• 1 1/2 cups boiling water
  • 1 (14.5 oz.) can diced or crushed tomatoes
  • 1 1/2 Tablespoons Worcestershire Sauce
  • 3 medium potatoes, peeled and cut into chunks
  • 1 (1-lb.) bag baby carrots that are peeled and ready to use–slice each baby carrot in thirds OR use 8 medium-size carrots, peeled and cut into 1″ thick slices
  • 1 1/4 cups frozen peas
  • additional salt and pepper (or your favorite seasoning) to taste, if desired

If you are cutting your own chunks of meat, trim excess fat from meat first, then cut into chunks.

Combine flour, pepper, and salt in a large ziploc bag; add chunks of meat; shake until pieces are coated.

Add oil to Dutch Oven over medium heat; add meat chunks and brown on all sides.

Add diced onion and garlic, then boiling water, canned tomatoes, and Worcestershire Sauce. Stir well to combine ingredients.

Cover and reduce heat to low; simmer for 1 hour. Add potatoes, carrots, and peas, and simmer for another hour or until potatoes and carrots are tender. Season with additional salt and pepper (or your favorite seasoning) to taste, if desired.

Stew is just the thing to warm you up on a cold day! Have you made any good stews this winter season? What ingredients do you like to use to add more flavor to them?

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Onion-Roasted Potatoes

Onion Roasted Potatoes @ NancyC

This is a super-easy recipe I found a while back on the box of a LiptonÂŽ Onion Soup package. It’s so good! And I also like it because you don’t have to peel the potatoes–just leave those skins on and cut them into chunks! This is a very versatile side dish–you can serve these potatoes at breakfast, lunch, or dinner.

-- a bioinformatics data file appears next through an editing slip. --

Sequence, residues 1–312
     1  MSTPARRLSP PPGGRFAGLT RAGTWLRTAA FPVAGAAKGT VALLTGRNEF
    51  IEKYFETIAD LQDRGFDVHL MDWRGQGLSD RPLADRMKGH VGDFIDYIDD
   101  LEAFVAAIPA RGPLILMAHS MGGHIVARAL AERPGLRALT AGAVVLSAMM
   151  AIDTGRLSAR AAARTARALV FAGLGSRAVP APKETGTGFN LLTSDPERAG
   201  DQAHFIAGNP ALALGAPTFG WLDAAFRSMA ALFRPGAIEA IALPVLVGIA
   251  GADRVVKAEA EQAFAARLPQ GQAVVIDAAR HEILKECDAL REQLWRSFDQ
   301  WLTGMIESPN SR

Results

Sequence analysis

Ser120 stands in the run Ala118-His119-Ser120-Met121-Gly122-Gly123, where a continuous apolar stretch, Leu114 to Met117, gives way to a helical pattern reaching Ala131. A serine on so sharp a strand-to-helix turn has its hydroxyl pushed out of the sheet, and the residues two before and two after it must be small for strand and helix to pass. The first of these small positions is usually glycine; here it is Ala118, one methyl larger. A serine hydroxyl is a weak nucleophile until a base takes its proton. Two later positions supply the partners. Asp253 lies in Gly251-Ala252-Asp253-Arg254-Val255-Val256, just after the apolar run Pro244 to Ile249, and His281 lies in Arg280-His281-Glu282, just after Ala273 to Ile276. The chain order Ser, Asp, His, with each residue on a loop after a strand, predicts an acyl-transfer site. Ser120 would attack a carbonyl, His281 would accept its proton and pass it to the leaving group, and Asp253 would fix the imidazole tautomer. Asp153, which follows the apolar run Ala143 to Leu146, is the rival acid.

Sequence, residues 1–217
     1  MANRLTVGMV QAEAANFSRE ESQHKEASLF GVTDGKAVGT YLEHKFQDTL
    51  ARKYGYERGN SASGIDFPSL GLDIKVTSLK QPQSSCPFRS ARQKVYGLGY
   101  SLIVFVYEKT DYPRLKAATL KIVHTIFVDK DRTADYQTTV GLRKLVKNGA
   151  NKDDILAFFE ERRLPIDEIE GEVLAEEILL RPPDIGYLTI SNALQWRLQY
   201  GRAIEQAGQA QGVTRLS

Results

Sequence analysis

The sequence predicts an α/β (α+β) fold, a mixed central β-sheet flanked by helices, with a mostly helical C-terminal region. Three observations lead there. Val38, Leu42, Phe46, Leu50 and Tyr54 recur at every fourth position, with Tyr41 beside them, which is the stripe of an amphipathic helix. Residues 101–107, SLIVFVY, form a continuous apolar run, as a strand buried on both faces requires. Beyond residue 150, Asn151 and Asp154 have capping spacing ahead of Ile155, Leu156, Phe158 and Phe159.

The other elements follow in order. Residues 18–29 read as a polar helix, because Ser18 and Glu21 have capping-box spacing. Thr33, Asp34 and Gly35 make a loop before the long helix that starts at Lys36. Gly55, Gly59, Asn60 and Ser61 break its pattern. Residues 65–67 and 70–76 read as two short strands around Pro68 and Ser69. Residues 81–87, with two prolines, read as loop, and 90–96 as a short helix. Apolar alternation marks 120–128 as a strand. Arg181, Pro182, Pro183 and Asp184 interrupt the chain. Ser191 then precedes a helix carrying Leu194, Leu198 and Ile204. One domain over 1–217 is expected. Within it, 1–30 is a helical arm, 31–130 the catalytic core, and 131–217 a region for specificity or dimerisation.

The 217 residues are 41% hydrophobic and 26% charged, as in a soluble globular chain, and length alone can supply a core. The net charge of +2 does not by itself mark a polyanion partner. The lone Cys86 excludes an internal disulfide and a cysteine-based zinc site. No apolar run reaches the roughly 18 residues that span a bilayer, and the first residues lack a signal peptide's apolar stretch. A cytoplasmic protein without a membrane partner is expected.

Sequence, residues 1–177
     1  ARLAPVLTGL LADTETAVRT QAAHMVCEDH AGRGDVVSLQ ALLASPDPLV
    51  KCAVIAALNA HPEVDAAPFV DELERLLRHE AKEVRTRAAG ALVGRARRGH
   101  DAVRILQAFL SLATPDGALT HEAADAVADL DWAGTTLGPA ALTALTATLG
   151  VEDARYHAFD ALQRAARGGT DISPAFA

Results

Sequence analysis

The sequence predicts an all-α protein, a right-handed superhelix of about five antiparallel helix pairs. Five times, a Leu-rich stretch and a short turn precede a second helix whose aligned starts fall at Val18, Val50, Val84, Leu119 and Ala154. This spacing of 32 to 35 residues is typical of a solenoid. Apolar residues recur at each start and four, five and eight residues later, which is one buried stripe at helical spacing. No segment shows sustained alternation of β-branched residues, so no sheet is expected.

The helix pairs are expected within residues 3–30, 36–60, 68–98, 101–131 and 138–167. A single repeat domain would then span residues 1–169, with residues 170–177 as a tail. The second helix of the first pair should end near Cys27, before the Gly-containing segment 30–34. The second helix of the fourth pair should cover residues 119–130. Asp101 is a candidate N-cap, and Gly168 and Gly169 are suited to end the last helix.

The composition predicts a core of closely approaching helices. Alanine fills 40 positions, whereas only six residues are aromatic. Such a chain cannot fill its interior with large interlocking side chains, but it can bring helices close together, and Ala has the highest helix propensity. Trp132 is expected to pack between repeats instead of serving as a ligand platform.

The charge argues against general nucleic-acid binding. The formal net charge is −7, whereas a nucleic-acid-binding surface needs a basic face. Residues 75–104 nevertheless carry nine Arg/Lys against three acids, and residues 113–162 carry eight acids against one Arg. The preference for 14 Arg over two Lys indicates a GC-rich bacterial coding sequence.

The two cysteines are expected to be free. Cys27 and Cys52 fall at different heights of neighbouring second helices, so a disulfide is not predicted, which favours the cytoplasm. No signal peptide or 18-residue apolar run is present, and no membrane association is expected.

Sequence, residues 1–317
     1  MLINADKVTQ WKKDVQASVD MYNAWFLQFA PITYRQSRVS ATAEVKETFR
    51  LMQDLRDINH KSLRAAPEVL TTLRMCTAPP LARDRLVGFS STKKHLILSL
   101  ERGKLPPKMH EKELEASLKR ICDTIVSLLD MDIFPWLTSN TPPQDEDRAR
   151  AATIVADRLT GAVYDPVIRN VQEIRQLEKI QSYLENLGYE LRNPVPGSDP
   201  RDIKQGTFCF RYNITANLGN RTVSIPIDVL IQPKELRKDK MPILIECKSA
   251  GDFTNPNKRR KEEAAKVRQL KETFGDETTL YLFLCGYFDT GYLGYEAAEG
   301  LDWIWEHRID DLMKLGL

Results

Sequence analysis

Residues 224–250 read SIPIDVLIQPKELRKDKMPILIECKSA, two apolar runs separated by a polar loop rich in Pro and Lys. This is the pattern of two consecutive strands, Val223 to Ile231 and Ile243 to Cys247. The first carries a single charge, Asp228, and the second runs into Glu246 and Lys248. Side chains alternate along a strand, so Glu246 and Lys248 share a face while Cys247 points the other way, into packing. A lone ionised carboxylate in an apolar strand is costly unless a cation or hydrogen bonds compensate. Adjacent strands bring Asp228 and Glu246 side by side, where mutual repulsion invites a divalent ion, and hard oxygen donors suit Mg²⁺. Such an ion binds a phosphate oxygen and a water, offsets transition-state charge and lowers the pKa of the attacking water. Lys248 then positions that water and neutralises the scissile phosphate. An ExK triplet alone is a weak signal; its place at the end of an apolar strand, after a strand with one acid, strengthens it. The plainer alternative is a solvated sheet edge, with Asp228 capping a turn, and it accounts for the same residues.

Many friends have asked me for this recipe over the years, and I posted it several years ago but didn’t have a very good photo of it– so this is a re-post of the recipe with a new photo. I also added suggestions on other ingredients you can add to these potatoes if you want.

ONION-ROASTED POTATOES adapted from LiptonÂŽ

Makes 4 servings

  • 1 envelope onion soup mix
  • 2 lbs. of potatoes (about 4 medium or 3 large), cut into large chunks
  • Optional: 1/3  to 1/2 cup finely chopped green or red bell pepper
  • 1/3 cup non-GMO canola or light olive oil

Preheat oven to 425˚F. Add all ingredients in a gallon-size plastic ziploc-type bag. Seal bag and shake until all the potato chunks are evenly coated with the oil/onion soup mixture. Then put potatoes in a 13 x 9″ baking or roasting pan and discard the bag. Bake, stirring occasionally, 35 minutes or until potatoes are tender and golden brown.

FOR BREAKFAST OR BRUNCH: These potatoes are great served with a breakfast casserole and fruit salad for a filling breakfast or brunch. After roasting them, you could add 1/3 cup of finely chopped fresh chives and/or mix in some crumbled bacon if you want to make the potatoes a little fancier.

FOR LUNCH AND DINNER:  For lunch, these potatoes are great with just about any hot sandwich that you would serve french fries with–and they’re probably healthier than fries. It’s a great potato side dish for dinner, too. If you have cheese-lovers in your family, you could sprinkle some cheddar cheese on the potatoes after they’re done roasting, and pop them back in the oven for a few minutes, just to melt the cheese a little. Yum!

These potatoes get eaten up pretty quickly, so you may want to think about making a double batch in a larger baking pan if you’re cooking for more than 4 people.

Hope you enjoy them! Have you made roasted potatoes before?